It is unique to Chicago. It gives entrepreneurial opportunity to those who wouldn’t otherwise have it. It is easy-reading-local-artsy-news. It is Streetwise magazine, and all things I hold in high regard.
I was surprised to find during a recent conversation with a friend, that the magazine’s core purpose was not widely understood. Clearly stated, homeless people who meet certain criteria can become registered sellers of Streetwise. They buy each copy at a super low price, let’s say 25 cents. At the time I am writing this, the reader purchase price printed on the front says $2.00, although additional tips are welcome. It comes out each week on Wednesday. Wednesday, Thursday and Friday are fresh sale days in the loop.
I have been buying Streetwise religiously, from various vendors, since I went to Massage Therapy Training in 2008. A gentleman by the name of “Moody”, who writes a regular poetry piece in Streetwise spoke to our class. Although I found the mission of the school in inviting him was some sort of “sensitivity training”, and thusly insulting, his speech was very impactful to me. He told the story of how he lost his family and landed on the street with the humility of a truly changed person. He has put together a new normal, and Streetwise helped him do it. You can find Moody most Wednesdays at the corner of Randolph and Michigan, outside the Cultural Center.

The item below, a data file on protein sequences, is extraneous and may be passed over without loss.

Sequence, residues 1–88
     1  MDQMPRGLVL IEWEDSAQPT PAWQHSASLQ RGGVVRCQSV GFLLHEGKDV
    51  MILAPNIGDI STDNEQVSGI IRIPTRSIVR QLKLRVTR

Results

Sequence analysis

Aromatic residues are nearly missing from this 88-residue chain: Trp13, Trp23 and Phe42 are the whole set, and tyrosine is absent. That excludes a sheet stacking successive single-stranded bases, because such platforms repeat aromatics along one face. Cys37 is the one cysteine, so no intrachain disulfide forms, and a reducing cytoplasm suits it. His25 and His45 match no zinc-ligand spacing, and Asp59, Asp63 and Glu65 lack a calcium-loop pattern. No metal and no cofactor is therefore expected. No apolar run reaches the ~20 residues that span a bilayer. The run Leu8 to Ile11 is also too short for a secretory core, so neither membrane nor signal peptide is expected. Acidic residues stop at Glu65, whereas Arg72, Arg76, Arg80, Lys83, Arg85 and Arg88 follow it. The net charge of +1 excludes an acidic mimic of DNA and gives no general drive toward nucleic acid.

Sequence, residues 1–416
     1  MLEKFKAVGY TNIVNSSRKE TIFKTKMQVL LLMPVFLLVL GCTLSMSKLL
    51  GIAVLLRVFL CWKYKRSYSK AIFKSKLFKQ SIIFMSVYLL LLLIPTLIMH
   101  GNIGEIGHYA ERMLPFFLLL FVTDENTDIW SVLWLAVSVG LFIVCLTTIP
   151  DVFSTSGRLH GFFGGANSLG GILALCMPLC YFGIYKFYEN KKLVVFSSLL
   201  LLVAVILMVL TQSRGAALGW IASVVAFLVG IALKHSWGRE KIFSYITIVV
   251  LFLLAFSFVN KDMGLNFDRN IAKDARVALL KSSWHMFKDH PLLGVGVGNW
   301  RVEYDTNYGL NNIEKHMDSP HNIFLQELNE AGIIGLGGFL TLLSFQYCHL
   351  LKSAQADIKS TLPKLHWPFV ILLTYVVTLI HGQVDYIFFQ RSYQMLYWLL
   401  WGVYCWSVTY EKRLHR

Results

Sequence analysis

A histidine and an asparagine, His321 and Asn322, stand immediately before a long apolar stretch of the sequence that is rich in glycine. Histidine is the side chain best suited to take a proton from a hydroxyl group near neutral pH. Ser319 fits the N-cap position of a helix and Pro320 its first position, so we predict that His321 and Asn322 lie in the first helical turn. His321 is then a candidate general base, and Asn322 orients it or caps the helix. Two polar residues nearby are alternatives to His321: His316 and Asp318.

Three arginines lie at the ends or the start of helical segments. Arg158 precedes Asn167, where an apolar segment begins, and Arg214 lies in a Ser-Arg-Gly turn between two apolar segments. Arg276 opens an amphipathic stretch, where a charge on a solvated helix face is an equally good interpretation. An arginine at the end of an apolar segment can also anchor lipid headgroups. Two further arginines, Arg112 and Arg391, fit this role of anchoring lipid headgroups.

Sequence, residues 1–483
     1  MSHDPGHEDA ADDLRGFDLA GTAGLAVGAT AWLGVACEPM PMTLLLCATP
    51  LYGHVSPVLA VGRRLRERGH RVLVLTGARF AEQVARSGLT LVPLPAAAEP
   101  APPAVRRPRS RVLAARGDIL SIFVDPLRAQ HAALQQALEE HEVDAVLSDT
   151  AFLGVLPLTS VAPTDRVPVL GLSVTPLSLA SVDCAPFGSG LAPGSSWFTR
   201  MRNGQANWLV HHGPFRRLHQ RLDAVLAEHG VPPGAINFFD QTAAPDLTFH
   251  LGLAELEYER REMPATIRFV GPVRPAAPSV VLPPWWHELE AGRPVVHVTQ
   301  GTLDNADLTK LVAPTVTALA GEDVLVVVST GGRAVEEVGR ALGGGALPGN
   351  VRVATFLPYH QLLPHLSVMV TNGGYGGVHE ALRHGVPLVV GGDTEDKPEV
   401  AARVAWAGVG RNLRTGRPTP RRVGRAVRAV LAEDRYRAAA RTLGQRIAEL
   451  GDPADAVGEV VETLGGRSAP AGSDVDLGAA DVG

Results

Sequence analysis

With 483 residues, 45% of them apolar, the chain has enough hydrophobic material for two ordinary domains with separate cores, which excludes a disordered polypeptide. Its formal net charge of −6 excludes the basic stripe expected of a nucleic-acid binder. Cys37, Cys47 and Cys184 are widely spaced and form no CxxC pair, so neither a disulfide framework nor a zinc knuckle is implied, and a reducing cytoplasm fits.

The catalyst for writing about the magazine now is a funny story in itself. From inside my studio on State for several weeks, I had been hearing a faint cry of “why, why, why” from the street. It was not only perplexing in its persistence, but also sounded like whining. A brief investigation yielded the cause as my new Streetwise vendor, Cynthia. She was, in fact, calling “Streetwise, Wise, Wise” over and over. I do not know how locations are assigned or chosen at Streetwise, but she had mine. I vowed to speak to her when I had a chance.
When I finally did, it was because I saw her but had NOT heard her from the studio. She informed me that all that hollering made her lose her voice. She was not happy about it, but I bought a magazine and told her I was indeed happy about it. We had a wonderful exchange and she will be getting my Streetwise business from here on out – provided she doesn’t project her call quite so clearly outside my window.